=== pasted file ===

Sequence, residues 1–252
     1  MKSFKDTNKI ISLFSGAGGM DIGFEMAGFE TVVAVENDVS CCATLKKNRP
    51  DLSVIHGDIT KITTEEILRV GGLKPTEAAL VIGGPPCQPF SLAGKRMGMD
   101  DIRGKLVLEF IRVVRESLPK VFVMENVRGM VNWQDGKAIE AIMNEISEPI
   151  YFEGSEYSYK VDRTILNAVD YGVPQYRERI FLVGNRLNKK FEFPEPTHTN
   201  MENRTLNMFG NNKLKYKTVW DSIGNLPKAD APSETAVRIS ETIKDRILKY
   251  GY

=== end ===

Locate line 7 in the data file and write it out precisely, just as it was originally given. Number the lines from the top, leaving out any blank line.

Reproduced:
   251  GY